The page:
Fairview Fire

Fairview Fire Now 53% Contained at 28,307 Acres

Crews making the major progress in containment over the weekend said Monday morning that the fire could be fully contained by the end of the day.

NBC Universal, Inc.

Almost a full week after it first sparked, the enormous Fairview Fire burning near Hemet looks like it may finally be slowing down.

The wildfire has now burned 28,307 acres, but firefighters have it 53% contained and made good progress thanks to this weekend's rainfall and lower temperatures.

The huge wildfire first sparked just after 3:30 p.m. on Monday, and in less than 24 hours killed at least two people who were trying to escape the flames. By Wednesday morning, it had burned about 5,000 acres, and by Wednesday night, it had exploded to over 18,000 acres, with fire crews containing 5% of the fire.

By Friday morning, it had reached 27,319 acres and was still spreading.

21 structures have been destroyed by the flames, as of Monday at 7 a.m., and over 1,000 structures remained threatened at that time.

Crews making the major progress in containment over the weekend said Monday morning that the fire could be fully contained by the end of the day.


Evacuation orders are still in place for the following regions, according to CAL Fire and the Riverside County Fire Department:

  • South of Cactus Valley Road,
  • East of Sage Road,
  • North of Stanley Road, and
  • North of Diego Flat and Tripp Flats.
  • Northwest of Cottonwood Truck Trail
  • West of Rouse Ridge to the burn area.
  • Bautista Road South of Fairview Avenue.

Evacuation warnings are in place for these areas:

  • East of State Street,
  • West of Fairview Avenue,
  • North of the fire perimeter, and
  • North of Cactus Valley Road.
  • The above Includes Gibble Road, Polly Butte Road, Arvidson Road, and Avery Canyon Road.
  • West of Wilson Way,
  • East of Fairview Avenue,
  • South of State Route 74, and
  • North of the fire perimeter.
  • South of State Route 74 to Rouse Ridge, and
  • West of Rattlesnake Spring.
  • South of Cactus Valley Road,
  • North of East Benton Road,
  • East of De Portola Road, and
  • West of Sage Road.
  • North of Wilson Valley Road and Reed Valley Road,
  • South of Stanley Road,
  • East of Sage Road,
  • West of the US Forest Service Boundary, including the road of Larkin Lane.

Evacuation shelters have been established at Tahquitz High School, located at 4425 Titan Trail in Hemet, and at the Temecula Community Center, located at 30875 Rancho Vista Road in Temecula.

The Perris Fair Grounds located at 18700 Lake Perris Drive have been established as an evacuation center for large animals, while all small animals are welcome at 581 S. Grand Avenue in San Jacinto.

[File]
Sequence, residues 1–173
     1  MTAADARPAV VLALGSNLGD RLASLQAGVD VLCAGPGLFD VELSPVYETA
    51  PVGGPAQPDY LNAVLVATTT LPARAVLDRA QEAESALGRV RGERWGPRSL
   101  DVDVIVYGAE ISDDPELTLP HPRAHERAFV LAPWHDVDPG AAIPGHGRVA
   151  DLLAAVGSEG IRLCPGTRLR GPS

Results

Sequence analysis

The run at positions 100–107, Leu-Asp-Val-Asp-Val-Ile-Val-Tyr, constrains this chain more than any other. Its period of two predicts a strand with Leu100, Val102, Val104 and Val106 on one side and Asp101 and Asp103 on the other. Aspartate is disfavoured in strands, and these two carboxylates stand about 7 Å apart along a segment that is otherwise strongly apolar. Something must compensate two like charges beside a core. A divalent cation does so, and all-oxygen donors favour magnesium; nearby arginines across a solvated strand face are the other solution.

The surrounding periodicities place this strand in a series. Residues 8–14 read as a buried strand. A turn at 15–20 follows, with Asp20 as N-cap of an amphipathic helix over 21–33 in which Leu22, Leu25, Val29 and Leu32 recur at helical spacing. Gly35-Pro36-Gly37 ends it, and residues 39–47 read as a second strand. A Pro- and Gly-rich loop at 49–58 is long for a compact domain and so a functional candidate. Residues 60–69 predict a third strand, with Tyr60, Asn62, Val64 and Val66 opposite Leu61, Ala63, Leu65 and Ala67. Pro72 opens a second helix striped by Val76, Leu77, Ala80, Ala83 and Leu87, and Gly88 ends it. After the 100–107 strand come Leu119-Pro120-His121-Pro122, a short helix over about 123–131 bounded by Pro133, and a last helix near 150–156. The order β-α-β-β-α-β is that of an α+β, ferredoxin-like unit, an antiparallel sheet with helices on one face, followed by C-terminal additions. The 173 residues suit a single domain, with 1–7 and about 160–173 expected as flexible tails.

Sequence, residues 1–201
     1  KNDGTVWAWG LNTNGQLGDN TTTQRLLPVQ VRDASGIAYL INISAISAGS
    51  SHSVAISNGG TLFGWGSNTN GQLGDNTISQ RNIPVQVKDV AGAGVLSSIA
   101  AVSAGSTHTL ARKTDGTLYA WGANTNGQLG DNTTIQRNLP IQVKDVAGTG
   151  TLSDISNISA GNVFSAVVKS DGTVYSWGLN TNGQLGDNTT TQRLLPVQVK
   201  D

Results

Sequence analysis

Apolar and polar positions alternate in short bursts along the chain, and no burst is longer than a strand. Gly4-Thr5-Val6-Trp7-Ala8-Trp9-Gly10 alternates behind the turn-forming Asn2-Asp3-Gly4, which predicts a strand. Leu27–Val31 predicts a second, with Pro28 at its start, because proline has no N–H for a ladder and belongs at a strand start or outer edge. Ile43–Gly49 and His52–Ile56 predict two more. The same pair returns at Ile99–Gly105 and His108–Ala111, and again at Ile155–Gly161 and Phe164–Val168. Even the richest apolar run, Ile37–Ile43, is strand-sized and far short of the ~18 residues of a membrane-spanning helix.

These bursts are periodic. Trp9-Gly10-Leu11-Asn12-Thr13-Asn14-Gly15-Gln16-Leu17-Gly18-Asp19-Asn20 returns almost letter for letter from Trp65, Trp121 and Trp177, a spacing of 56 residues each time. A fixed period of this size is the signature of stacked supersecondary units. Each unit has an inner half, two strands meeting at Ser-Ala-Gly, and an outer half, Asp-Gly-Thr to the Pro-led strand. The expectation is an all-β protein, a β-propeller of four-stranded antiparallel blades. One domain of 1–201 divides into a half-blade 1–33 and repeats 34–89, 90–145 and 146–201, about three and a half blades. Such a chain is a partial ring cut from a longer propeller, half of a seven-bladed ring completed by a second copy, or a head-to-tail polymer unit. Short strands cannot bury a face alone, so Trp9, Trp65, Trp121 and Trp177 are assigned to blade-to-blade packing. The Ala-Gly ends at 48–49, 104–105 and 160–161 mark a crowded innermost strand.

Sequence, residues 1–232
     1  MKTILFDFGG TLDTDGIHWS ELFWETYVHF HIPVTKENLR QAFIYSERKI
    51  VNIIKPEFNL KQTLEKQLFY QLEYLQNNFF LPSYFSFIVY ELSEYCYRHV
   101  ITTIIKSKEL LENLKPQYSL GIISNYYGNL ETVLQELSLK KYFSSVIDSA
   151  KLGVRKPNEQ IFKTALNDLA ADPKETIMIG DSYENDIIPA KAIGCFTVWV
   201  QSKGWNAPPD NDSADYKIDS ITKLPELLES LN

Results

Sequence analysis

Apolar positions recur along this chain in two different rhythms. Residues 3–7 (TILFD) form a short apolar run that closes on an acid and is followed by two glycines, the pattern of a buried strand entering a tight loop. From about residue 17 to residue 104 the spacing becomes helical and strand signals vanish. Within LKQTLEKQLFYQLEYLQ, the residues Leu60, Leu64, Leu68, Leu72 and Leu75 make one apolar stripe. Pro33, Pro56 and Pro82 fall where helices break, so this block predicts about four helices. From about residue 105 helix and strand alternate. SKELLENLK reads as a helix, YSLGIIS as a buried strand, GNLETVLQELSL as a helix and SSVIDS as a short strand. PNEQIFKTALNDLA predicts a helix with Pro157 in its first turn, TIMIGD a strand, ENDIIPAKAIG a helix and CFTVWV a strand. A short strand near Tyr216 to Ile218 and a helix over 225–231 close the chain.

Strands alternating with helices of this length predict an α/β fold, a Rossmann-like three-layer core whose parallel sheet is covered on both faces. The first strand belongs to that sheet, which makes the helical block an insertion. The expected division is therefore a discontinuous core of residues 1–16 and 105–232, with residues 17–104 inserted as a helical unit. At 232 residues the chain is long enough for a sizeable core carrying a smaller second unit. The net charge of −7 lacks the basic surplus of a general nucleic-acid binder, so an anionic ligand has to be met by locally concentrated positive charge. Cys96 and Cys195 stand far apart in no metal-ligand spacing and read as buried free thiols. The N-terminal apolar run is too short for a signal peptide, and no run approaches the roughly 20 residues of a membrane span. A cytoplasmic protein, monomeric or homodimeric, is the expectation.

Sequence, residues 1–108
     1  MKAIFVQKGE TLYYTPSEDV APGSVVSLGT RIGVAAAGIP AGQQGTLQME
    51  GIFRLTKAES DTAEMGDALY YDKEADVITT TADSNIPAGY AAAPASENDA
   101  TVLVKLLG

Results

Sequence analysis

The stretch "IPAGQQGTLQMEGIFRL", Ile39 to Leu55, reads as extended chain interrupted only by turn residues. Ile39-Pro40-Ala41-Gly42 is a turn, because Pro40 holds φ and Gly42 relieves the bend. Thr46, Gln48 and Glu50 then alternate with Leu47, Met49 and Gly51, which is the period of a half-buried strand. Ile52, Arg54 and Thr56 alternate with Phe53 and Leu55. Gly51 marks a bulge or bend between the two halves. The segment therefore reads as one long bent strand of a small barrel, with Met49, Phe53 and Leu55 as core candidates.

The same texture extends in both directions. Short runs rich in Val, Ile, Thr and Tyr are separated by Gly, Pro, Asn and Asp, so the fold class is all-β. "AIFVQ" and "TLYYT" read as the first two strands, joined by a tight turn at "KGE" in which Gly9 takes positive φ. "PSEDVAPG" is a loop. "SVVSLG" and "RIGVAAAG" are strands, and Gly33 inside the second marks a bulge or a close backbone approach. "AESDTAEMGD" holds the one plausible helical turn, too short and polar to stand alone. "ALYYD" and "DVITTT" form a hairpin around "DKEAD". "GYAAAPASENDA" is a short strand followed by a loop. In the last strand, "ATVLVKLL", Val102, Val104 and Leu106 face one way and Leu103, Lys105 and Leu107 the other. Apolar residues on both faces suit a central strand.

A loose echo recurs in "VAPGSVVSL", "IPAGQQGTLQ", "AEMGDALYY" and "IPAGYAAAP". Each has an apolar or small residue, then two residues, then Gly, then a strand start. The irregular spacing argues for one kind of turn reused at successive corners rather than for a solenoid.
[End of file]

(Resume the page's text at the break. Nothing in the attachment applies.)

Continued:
About the Fairview Fire

The Fairview Fire was first reported around 3:37 p.m. Monday, as a brush fire on Fairview Ave. and Bautista Road.

It is now one of the largest fires in California in 2022 -- second only to the Mosquito Fire in Placer County.

Wind travelling in unexpected directions for the time of year caused the Fairview Fire to spread rapidly down Avery Canyon.

At least two people have died while attempting to leave the of the Fairview fire. Family told NBCLA that father and daughter Ian Matthew Compton and Mikayla Porter, were the two individuals overtaken by the fire as it moved rapidly through Avery Canyon.

The two people who died due to the Fairview Fire in Hemet have been identified as a father and daughter. The mother was also severely injured while trying to avoid the fire.

A third person, Ian Compton's wife according to family, is in the hospital with major injuries.

The fire prompted a Boil Water Advisory for parts of east Hemet, and closed all Hemet Unified School District schools for most of the week of Sept. 5.

Southern California Edison is investigating how the fire may have started, and put out a statement on their investigation.

"Our information reflects circuit activity occurring close in time to the reported time of the fire," the statement read in part. "With safety as our number one priority, we continue to make progress on our wildfire mitigation efforts."

A brutal, week-long heat wave in Southern California has not helped the dry conditions in the state that contributed to the wildfire's rapid growth.

Fuel moisture levels are well below historic averages in parts of Southern California, meaning vegetation is drying out more quickly this year. Dry vegetation is one significant factor in the spread of wildfires.

The state came out of one of its driest late winters on record, leaving hillsides covered in dry brush.

California continues to face longer wildfire seasons as a direct result of climate change, according to CAL FIRE.

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